Since 2007, evangelicalism has begun its own decline. All indications are that in the coming years an unprecedented number of younger Americans will be leaving churches and institutional religion of all kinds behind. But why?
Virtually everyone agrees that something is radically wrong with the church. Inside there is more polarization and conflict than ever, with all factions agreeing (for different reasons) that the church is in deep trouble.
Tim Keller reviews Chris Bail’s book, Breaking the Social Media Prism: How to Make Our Platforms Less Polarizing (Princeton, 2021)
During these polarizing times where battles for political power or division from cultural struggles are crippling the influence of the Christian church, we need to refocus our attention and commitment to fulfilling the great commission.
During the January 6 storming of the Capitol, rioters exhibited Christian symbols and offered public prayer. Since then the working assumption of the mainstream media is that evangelicalism has now been revealed to be a white American supremacist insurrectionist force, committed to keeping power even if it means overturning democratic processes. The term “Christian nationalist” is now being used to describe white evangelicals. Is that accurate? Are the two terms essentially two ways to describe the same people?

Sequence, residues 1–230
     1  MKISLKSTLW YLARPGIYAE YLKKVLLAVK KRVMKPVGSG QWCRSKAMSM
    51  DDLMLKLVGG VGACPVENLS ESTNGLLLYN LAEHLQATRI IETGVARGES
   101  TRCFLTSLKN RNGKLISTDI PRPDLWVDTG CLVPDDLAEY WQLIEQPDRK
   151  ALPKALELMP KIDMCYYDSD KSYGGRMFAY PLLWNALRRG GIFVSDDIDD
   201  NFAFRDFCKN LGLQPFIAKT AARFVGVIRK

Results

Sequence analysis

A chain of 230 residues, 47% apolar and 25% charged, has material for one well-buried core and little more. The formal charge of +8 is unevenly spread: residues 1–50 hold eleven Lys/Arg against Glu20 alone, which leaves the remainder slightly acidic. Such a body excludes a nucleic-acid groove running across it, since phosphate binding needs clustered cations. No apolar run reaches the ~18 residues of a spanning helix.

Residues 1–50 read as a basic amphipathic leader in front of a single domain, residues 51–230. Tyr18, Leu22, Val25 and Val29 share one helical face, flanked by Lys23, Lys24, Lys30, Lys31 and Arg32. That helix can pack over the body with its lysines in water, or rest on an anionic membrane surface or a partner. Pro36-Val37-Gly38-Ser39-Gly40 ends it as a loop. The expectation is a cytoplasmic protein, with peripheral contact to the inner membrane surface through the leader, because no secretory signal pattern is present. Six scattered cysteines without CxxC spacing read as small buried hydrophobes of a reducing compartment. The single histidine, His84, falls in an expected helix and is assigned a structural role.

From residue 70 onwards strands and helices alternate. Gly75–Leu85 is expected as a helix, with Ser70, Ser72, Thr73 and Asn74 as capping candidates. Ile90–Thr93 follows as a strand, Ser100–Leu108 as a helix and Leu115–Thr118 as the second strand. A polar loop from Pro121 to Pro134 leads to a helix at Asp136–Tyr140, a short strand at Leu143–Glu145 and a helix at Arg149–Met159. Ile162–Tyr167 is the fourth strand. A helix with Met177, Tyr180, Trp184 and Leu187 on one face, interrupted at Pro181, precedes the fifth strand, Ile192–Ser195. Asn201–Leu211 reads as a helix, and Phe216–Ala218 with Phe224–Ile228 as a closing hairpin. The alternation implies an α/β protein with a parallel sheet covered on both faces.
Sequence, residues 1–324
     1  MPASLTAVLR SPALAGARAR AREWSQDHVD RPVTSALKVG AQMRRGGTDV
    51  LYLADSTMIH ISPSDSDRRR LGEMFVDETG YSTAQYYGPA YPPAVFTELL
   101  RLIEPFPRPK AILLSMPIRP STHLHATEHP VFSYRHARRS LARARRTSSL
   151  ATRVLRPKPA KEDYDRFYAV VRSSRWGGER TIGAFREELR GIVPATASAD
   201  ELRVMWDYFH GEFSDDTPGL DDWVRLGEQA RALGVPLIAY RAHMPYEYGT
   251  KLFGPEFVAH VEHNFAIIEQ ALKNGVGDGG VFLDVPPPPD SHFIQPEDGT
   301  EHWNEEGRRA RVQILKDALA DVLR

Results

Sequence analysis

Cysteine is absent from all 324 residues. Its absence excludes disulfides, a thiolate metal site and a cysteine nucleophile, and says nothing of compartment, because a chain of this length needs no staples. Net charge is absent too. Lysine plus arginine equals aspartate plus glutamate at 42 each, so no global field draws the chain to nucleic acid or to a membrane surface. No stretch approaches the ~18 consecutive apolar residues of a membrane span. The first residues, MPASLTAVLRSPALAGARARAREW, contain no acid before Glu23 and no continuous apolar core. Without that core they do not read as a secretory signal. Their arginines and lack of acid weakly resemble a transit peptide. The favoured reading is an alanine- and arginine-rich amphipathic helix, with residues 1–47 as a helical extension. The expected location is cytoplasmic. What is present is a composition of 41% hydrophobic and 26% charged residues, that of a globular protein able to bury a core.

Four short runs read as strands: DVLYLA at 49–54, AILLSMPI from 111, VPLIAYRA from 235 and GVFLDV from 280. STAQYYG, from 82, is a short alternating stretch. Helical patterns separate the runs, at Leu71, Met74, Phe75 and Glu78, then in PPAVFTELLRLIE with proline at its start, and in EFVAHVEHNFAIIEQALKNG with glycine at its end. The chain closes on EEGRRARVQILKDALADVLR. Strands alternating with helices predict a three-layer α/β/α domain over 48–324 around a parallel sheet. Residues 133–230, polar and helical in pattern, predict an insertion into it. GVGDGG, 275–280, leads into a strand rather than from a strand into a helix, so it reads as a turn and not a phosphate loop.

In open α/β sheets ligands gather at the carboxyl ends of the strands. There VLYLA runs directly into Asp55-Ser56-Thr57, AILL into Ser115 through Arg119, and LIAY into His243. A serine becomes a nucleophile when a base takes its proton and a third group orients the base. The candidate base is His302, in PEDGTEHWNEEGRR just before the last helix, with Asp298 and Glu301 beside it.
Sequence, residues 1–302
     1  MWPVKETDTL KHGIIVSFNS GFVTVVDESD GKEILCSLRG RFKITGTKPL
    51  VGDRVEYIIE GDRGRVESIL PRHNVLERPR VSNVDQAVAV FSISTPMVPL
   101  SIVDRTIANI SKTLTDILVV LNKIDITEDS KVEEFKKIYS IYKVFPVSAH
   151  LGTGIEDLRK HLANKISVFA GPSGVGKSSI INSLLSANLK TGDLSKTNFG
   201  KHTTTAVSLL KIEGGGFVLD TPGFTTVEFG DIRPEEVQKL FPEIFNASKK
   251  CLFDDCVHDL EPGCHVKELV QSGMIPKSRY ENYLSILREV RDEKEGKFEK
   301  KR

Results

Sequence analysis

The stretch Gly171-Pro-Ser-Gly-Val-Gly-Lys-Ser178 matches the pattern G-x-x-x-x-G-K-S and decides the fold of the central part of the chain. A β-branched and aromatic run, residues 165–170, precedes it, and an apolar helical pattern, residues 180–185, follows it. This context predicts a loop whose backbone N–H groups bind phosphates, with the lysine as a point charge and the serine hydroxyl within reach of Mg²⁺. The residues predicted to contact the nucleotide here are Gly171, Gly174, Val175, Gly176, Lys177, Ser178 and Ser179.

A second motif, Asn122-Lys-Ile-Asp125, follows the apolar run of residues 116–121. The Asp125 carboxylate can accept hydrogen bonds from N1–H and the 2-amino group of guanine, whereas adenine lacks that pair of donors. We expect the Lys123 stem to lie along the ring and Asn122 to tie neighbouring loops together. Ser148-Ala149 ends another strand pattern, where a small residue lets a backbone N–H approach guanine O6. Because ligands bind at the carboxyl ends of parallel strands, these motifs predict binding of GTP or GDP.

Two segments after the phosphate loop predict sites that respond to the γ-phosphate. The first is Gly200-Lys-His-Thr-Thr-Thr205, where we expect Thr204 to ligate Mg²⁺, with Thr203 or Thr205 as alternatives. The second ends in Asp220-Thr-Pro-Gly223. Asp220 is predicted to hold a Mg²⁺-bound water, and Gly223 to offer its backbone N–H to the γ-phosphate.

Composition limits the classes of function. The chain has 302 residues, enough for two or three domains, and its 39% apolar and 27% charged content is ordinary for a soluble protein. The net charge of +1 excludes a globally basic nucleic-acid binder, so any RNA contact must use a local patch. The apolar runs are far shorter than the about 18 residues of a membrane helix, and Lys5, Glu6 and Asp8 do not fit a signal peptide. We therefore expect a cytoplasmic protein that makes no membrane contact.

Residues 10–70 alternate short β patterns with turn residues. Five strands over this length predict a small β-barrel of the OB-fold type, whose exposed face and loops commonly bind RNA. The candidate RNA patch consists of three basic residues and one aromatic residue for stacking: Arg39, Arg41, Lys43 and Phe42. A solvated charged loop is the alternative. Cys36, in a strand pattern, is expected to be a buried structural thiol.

Today, many Christian believers—who often share virtually identical doctrinal beliefs—are just as divided as Christians in Corinth over how to relate to our increasingly pagan culture even though the issues are often presented as political.
Tom Holland has written a book that is not so much a history of Christianity, but a history of the complex role Christianity has had in the formation of modern western culture. Here’s Tim Keller’s review.
Biblical justice is rooted in the very character of God. When we look at what the Bible says about justice we see that God not only punishes evildoing, but through mercy and grace he also restores those who are victims of injustice. Biblical justice is characterized by: radical generosity, universal equality, life-changing advocacy, and asymmetrical responsibility.
Which justice? There have never been stronger calls for justice than those we are hearing today. But seldom do those issuing the calls acknowledge that currently there are competing visions of justice, often at sharp variance, and that none of them have achieved anything like a cultural consensus, not even in a single country like the US. It is overconfident to assume that everyone will adopt your view of justice, rather than some other, merely because you say so.
Irwyn Ince discusses his work with churches and their leaders to bring about multi ethnic gospel communities like we see in the Bible and how he is working to help bridge racial divides in the church. As he talks about his work, you will learn why he is hopeful that the gospel can bring unity to the Christian community and more ethnically diverse churches.